21 December 2004 Secretary-General Kofi Annan's Special Representative for Iraq, Ashraf Qazi, met today in Baghdad with British Prime Minister Tony Blair to discuss the role of the United Nations in elections planned for 30 January 2005 in the turbulent country.
The UN's Chief Electoral officer in Iraq, Carlos Valenzuela, also briefed the British leader on steps that have been taken by the Independent Electoral Commission, with the support of over 20 UN experts, to prepare for the holding of credible and transparent polls.
The UN has helped Iraqis establish the Commission, draft the legislative framework for elections, create voter lists, train some 6,000 temporary electoral workers, open more than 450 registration centres, and begin training up to 130,000 poll workers.
In New York, the Secretary-General hailed this progress and urged Iraqis to go to the polls. "The technical preparations are on track, and I hope all Iraqis will exercise their right to vote," he said at his year-end press conference.
Looking beyond the balloting planned for January, Mr. Annan pledged the world body's support as Iraq attempts to consolidate democracy. "We stand ready, if asked, to help Iraqis as they draw up a constitution and conduct a national referendum and further elections."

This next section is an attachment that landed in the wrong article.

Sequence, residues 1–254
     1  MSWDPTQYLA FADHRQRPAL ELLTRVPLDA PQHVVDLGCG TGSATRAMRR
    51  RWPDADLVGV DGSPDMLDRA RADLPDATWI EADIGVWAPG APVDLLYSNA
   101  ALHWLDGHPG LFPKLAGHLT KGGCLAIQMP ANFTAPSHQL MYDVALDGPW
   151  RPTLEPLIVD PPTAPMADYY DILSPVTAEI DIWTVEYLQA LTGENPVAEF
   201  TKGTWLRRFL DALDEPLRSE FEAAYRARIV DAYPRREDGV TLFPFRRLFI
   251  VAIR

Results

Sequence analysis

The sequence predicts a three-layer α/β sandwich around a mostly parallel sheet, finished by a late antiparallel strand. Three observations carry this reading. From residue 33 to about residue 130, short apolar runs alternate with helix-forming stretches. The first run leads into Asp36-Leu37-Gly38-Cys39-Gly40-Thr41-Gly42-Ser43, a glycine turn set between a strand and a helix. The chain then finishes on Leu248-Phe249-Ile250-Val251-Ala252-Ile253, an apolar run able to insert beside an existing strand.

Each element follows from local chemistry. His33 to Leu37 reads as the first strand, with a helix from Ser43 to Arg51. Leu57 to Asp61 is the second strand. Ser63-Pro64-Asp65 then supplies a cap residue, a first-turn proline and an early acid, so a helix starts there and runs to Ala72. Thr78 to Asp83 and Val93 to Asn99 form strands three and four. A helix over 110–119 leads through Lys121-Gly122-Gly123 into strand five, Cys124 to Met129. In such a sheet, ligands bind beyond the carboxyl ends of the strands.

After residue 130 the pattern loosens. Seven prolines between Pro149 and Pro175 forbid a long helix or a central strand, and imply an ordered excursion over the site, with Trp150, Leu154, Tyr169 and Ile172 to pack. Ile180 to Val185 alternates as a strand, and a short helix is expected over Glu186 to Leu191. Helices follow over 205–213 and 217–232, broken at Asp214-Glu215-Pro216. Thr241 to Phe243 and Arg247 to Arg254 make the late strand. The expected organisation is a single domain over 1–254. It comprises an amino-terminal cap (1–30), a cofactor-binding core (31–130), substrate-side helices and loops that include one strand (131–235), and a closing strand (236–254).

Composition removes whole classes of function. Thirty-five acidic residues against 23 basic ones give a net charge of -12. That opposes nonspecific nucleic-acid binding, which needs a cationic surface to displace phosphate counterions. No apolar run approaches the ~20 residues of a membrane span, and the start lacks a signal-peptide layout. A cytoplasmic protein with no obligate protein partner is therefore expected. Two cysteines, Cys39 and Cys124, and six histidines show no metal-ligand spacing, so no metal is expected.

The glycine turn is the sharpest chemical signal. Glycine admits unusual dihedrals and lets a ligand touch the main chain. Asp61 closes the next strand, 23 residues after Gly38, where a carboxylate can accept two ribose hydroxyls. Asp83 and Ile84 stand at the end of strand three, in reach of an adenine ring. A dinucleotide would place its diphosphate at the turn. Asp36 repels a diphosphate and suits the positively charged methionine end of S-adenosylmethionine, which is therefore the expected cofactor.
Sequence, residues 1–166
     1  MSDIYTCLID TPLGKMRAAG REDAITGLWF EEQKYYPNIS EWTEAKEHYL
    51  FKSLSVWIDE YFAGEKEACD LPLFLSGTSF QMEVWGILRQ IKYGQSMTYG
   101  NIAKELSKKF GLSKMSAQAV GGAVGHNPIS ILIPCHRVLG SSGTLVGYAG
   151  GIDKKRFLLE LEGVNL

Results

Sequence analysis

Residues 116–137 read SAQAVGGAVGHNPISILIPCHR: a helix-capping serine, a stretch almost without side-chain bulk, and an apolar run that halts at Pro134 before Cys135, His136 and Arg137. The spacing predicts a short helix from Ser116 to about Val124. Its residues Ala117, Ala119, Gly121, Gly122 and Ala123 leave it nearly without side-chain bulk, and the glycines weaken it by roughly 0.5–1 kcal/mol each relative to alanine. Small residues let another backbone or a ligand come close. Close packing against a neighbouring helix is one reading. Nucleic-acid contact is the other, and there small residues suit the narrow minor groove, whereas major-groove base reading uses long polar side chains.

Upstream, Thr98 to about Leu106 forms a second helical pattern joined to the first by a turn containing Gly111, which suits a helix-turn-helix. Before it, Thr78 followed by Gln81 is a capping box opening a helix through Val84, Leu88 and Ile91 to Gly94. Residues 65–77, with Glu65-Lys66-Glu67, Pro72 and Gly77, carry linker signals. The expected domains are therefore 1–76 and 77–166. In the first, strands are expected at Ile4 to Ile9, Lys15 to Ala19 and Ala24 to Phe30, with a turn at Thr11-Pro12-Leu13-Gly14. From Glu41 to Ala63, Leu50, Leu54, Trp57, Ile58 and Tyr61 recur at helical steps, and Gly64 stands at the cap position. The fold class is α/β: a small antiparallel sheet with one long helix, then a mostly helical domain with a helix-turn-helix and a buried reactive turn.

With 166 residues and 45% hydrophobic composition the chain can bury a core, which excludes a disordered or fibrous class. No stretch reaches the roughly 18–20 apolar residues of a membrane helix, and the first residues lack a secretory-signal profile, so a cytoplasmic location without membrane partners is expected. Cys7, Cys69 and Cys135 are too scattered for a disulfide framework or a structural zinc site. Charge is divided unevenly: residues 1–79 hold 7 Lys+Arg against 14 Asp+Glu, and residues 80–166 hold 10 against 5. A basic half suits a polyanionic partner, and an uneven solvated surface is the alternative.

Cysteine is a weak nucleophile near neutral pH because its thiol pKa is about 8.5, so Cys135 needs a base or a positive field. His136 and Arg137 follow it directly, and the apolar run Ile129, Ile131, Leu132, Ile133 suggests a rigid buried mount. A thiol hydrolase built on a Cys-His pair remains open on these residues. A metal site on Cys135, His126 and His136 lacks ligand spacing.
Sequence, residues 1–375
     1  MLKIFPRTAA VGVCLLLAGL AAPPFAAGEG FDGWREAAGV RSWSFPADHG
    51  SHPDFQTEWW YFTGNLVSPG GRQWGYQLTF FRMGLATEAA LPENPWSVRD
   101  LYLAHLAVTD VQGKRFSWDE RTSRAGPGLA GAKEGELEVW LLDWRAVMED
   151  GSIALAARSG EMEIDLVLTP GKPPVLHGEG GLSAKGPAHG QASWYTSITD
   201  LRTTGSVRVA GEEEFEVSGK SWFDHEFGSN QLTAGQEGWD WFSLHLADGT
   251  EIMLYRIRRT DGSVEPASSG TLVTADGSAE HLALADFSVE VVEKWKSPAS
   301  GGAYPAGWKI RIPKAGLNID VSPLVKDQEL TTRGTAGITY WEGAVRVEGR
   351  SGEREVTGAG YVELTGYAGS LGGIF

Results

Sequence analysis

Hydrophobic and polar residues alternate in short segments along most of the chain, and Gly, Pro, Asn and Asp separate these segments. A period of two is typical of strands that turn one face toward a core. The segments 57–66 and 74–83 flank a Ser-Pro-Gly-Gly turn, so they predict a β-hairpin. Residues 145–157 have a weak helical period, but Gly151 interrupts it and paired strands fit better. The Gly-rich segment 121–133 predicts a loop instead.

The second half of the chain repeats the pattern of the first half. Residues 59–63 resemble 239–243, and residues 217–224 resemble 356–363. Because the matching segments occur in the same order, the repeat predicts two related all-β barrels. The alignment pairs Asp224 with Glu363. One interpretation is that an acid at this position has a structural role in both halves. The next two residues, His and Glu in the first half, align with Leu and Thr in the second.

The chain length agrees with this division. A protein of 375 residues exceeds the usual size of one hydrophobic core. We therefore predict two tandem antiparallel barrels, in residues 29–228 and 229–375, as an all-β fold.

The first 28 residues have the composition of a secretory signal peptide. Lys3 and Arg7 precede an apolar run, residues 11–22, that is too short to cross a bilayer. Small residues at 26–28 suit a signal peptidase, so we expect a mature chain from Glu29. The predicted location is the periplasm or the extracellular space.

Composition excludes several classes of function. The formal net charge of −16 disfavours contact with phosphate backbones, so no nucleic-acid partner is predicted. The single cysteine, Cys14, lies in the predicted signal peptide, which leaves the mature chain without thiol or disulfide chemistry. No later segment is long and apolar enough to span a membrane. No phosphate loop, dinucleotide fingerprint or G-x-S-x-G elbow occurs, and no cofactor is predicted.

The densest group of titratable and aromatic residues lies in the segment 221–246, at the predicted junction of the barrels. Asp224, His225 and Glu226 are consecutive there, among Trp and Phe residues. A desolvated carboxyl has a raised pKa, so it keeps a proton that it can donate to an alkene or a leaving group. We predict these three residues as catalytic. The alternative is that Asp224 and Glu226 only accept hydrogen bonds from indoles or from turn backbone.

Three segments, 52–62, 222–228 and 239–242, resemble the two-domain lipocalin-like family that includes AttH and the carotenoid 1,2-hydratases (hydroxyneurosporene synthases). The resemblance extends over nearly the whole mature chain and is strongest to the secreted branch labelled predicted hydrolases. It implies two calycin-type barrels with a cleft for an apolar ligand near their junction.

Responding to press questions, he voiced concern about the prevailing instability but added that the UN is encouraging the Iraqis "to try and reach out to other people outside the process and make the elections as inclusive as possible."
Mr. Annan emphasized that the broadest possible participation in the elections would serve to foster reconciliation. "If you can get people in all regions to vote it will be better because once they have all participated and played a role in the elections, the likelihood [is] that the results will be accepted by all."
Concerning the ongoing violence, Mr. Annan said, "elections don't take place in a vacuum; the political and security context is important."
Asked whether the elections would need to be postponed, he noted that any decision on timing rested entirely with the Iraqis themselves.